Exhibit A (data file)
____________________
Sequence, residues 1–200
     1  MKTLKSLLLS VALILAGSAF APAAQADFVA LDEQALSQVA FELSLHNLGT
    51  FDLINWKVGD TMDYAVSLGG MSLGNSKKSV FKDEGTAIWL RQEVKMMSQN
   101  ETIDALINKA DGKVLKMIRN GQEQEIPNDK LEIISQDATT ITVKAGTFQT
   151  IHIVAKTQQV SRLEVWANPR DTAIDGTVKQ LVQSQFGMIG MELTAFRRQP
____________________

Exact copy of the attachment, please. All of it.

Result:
Sequence, residues 1–200
     1  MKTLKSLLLS VALILAGSAF APAAQADFVA LDEQALSQVA FELSLHNLGT
    51  FDLINWKVGD TMDYAVSLGG MSLGNSKKSV FKDEGTAIWL RQEVKMMSQN
   101  ETIDALINKA DGKVLKMIRN GQEQEIPNDK LEIISQDATT ITVKAGTFQT
   151  IHIVAKTQQV SRLEVWANPR DTAIDGTVKQ LVQSQFGMIG MELTAFRRQP